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MIPT developed new Brain-Computer Interface algorithm in Russia

Moupiya Dutta
Moupiya Dutta
She finds it interesting to learn and analyze society. she keeps herself updated, emphasizing technology, social media, and science. She loves to pen down her thoughts, interested in music, art, and exploration around the globe.

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With technology gaining its intensity, Brain-Computer Interface (BCI) is gaining its popularity due to recent advances in developing small and compact electronic technology and electrodes. Efficiency and form factor reduction, in particular, are the key objectives for Body Sensor Networks (BSNs) and wearable systems that implement BCIs.

Neurorobotics and Moscow Institute of Physics and Technology (MIPT) have recently developed a new brain-computer interface algorithm in Russia. The new technology can use artificial neural networks and EEG displays images in the human brain on a computer screen in real-time.

Motor imagery can be controlled via the brain-computer interface (BCI) and can stimulate the same neuroplastic, which transforms the EEG signals of the brain appearing during the motor imagery into commands for the external device.

Researchers have made it possible to construct a post-stroke rehabilitation device controlled by brain signals. Though the pictures determined come blurry, yet it can still be distinguished with the general scene categories.

The brain-computer interface developed by Russian researchers relies on labor a technique that records brain waves through non-invasive electrodes (without surgical implantation). The technology can analyze brain activity and reproduce images seen by humans in real-time.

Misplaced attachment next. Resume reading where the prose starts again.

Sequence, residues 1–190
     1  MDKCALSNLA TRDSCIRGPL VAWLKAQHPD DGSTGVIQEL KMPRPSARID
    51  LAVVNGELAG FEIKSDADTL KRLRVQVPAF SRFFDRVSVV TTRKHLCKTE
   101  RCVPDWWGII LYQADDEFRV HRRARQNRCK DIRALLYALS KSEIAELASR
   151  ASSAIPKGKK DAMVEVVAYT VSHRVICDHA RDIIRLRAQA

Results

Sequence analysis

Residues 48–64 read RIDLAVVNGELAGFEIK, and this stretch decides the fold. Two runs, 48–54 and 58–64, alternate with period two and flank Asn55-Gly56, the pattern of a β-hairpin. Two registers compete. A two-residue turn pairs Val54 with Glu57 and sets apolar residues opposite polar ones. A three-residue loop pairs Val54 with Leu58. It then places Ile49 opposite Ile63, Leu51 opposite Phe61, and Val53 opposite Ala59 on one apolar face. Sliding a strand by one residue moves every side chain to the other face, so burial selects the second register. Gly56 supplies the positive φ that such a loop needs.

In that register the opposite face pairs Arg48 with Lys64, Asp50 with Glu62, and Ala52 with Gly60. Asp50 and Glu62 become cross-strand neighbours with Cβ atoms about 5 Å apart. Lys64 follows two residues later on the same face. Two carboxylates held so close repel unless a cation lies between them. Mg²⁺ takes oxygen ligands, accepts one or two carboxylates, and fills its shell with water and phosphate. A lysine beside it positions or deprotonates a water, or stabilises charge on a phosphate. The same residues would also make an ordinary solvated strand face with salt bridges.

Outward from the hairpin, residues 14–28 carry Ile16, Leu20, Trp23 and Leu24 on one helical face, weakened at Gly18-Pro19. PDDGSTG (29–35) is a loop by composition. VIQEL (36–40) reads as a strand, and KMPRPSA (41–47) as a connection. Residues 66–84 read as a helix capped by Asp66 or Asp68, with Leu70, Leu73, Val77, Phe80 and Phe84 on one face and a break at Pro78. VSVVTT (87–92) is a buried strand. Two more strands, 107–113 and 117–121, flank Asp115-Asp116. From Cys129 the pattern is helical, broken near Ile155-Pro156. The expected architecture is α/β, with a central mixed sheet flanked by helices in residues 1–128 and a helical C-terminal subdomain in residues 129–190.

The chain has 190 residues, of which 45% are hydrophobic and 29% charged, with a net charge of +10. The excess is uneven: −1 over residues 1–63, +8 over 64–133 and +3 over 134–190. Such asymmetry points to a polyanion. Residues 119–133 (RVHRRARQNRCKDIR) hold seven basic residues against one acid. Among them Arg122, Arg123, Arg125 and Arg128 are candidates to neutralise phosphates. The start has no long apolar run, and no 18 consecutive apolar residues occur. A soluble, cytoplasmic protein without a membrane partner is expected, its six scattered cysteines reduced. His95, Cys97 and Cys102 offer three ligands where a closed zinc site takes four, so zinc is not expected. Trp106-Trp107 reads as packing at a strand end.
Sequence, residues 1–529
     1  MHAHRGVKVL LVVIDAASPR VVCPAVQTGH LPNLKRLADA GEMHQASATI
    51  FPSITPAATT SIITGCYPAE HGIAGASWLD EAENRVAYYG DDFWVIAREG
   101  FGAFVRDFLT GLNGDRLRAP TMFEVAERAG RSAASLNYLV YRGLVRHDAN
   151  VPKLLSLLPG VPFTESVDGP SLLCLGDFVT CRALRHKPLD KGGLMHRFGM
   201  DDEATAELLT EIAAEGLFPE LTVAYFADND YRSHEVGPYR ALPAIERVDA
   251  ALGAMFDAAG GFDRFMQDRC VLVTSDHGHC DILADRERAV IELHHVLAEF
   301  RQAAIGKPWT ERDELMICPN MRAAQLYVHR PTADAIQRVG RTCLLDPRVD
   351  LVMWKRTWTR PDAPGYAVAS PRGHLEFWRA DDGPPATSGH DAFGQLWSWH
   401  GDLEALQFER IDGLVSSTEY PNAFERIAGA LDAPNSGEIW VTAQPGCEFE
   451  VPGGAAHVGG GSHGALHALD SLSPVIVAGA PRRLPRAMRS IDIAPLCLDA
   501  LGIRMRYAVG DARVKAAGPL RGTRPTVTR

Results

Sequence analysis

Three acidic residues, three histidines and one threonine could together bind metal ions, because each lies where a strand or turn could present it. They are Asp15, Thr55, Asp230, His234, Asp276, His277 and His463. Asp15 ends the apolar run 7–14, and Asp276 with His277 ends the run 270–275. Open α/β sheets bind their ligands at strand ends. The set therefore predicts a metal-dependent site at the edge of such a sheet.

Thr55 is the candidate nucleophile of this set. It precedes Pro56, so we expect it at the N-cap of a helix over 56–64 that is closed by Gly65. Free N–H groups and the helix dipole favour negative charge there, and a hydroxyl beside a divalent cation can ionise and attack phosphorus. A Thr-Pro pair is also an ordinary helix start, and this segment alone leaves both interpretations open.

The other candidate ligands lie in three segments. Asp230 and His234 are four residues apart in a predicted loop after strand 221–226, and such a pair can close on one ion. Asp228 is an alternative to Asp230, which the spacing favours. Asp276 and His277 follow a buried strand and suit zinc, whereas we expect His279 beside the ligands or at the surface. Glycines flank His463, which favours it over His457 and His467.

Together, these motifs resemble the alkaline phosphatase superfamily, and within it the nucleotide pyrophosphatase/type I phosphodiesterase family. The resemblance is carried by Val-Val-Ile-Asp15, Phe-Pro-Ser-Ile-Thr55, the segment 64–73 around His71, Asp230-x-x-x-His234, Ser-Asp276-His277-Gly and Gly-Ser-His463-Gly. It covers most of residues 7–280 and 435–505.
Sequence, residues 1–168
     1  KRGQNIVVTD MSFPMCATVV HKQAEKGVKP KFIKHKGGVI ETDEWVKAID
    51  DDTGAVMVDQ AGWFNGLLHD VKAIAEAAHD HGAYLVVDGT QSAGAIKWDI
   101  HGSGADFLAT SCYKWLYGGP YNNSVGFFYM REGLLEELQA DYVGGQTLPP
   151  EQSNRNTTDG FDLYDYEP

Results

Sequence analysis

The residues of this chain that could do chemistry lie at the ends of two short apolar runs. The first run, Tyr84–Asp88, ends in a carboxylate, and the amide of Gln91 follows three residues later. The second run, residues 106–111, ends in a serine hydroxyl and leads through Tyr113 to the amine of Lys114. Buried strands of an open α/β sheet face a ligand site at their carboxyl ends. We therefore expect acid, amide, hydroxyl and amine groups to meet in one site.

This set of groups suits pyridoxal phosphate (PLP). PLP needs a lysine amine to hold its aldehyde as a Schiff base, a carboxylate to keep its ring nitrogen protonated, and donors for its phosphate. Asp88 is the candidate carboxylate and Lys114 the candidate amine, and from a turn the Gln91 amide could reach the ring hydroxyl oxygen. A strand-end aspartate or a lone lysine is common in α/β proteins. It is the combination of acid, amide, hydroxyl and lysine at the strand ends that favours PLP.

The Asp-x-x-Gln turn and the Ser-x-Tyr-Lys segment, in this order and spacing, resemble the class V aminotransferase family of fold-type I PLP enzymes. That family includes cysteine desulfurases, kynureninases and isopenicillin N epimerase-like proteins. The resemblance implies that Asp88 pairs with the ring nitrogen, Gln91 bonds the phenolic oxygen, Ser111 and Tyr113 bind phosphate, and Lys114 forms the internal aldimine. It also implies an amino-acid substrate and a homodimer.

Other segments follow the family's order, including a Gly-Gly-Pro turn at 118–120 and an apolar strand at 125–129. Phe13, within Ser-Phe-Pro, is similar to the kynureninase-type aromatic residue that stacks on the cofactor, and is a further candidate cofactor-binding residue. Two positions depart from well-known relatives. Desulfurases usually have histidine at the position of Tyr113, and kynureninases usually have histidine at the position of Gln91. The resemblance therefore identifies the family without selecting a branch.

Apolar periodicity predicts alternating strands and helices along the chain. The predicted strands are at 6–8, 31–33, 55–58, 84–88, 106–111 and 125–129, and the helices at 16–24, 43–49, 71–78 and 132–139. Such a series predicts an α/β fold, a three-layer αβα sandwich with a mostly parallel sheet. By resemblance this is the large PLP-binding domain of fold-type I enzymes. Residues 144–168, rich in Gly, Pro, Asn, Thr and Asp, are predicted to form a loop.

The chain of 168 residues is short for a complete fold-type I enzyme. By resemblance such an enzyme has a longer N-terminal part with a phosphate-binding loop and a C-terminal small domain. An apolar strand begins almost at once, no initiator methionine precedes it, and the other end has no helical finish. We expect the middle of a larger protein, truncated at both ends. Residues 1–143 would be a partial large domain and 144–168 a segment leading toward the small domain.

The brain-computer interface is tested in two phases. In first, healthy people are made to watch randomly selected five 10-second YouTube video clips for a total of 20 minutes. With EEG data, researchers found that the brainwaves of each type of video are different hence helping the research team to analyze the brain’s response to the video in real-time.

In the second phase, researchers randomly select three categories from five categories and developed a native feedback model. Such a technique of feedback model is used to make the brain-computer interface classifier’s prediction results as natural images. Finally, the team then converts the EEG signals into actual images similar to those viewed by the subjects.


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